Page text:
Why is it harmful to the “Alienator”?

Children absolutely hate it when parents engage in alienating behavior.  It is the single most common thing children complain about.  They usually end up holding all the negative things they hear against the person who said them – not the “bad” parent.  The alienating parent ultimately ends up alienating themselves from their child.  The child gets so sick of one parent “bad mouthing” the other that they simply tune out and then walk away from the “bad mouther” when they turn 18, 17, or even 16 years old.  It may be counter-intuitive, but by “bad mouthing” your co-parent, you will likely lose your child’s love.

What are some examples of things parents shouldn’t discuss with their kids about divorce?

They should never discuss court hearings or the case in general with their children, they should not discuss adult topics that involve their co-parent, and they should never “bad mouth” their co-parent  — it will harm your child, the child doesn’t want to hear it, and it may ultimately cost you your child’s love.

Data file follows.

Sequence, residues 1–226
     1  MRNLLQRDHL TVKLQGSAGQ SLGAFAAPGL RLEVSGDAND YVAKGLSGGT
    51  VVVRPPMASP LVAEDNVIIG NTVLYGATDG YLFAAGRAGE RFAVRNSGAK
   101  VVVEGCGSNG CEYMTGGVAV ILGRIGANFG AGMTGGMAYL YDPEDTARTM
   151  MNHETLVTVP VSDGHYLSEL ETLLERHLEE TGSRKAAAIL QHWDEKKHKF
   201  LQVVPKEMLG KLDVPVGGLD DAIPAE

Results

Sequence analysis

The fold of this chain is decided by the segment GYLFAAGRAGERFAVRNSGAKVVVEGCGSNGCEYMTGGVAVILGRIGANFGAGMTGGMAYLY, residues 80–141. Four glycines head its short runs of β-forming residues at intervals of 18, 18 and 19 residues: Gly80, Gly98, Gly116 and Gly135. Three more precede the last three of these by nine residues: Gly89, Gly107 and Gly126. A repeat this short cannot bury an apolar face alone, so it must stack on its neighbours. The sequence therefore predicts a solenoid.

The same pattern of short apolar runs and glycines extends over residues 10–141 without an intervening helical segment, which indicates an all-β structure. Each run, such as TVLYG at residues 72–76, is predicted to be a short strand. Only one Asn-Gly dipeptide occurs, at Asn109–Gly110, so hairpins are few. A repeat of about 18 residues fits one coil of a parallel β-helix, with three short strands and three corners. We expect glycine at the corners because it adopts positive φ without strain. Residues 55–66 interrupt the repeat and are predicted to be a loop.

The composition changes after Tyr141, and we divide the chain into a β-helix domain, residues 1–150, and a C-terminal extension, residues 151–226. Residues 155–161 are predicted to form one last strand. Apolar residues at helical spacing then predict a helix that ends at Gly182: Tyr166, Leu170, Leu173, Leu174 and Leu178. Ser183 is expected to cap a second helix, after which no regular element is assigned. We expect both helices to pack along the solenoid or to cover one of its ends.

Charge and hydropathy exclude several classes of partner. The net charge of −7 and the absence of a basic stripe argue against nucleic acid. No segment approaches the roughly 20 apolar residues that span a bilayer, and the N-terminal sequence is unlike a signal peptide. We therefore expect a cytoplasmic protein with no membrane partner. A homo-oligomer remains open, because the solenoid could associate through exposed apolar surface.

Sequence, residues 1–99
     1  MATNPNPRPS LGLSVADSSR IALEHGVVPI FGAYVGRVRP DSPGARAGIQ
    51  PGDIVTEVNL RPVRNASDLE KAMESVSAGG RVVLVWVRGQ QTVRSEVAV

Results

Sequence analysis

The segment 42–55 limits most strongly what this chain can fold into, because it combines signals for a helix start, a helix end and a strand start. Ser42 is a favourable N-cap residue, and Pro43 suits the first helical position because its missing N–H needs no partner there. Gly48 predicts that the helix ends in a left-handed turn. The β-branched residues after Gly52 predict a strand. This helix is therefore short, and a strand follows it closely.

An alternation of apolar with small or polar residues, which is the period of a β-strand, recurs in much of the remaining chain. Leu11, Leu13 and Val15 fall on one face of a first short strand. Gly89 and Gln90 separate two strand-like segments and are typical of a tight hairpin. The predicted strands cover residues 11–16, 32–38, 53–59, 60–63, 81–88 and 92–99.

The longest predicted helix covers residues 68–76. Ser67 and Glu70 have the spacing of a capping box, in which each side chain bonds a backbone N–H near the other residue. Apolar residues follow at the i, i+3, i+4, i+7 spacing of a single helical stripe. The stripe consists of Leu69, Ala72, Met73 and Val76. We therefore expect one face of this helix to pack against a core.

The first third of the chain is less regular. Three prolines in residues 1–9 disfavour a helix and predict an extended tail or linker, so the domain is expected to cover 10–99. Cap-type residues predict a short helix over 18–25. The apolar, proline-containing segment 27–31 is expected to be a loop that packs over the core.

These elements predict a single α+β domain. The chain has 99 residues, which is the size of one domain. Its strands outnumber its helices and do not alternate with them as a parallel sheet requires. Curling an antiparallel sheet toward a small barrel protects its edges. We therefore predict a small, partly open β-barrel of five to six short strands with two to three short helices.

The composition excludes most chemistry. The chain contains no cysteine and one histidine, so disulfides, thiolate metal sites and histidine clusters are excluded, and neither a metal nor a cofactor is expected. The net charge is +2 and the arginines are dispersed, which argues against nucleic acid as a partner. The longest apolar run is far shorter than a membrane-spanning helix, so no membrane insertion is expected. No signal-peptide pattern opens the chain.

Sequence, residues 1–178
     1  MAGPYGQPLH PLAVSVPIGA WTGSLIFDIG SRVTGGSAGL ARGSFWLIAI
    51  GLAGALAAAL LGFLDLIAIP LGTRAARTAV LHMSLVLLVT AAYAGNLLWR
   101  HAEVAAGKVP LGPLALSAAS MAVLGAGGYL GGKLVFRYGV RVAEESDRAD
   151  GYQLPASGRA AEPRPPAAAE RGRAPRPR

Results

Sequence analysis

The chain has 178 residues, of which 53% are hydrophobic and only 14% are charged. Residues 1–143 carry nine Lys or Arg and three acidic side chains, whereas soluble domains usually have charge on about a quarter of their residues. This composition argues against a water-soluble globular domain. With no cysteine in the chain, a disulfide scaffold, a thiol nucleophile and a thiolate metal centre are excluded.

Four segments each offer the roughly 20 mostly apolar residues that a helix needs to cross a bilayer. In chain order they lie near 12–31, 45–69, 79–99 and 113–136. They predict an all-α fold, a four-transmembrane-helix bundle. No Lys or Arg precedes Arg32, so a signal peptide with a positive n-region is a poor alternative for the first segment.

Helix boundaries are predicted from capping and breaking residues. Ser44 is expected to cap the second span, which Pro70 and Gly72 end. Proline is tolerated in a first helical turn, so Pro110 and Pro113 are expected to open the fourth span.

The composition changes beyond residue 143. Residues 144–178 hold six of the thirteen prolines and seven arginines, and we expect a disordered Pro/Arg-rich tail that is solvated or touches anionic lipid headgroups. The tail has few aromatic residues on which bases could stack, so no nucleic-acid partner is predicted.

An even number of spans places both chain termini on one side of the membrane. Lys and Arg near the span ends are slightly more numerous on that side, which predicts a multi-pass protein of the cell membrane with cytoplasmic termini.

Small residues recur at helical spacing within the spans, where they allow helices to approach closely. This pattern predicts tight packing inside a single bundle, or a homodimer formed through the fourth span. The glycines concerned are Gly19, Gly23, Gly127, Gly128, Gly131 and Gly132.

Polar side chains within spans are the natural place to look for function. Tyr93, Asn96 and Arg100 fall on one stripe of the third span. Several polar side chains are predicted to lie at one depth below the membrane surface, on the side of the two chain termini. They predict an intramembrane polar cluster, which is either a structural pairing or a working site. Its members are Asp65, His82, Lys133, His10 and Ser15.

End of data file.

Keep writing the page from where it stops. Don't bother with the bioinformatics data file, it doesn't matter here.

What should parents talk to their kids about?

That’s easy – let your kids do the talking. Ask them about their day, their interests, what they love.  Listen, listen, and encourage — and they will love you for it.

** Judge Paul W. Burmaster is a judge in the Family Department of the Johnson County Kansas District Court.  Judge Burmaster is pleased and proud to serve the children and families of Johnson County, Kansas.  Judge Burmaster is the second most senior member of the Family Law division and has extensive litigation experience.  Judge Burmaster likes to remind all litigants that court is not a game, but like a game, it has rules. It can be crucial to you and your children’s future to know the rules.  Please consider consulting with an experienced family law attorney if you have a case in family court.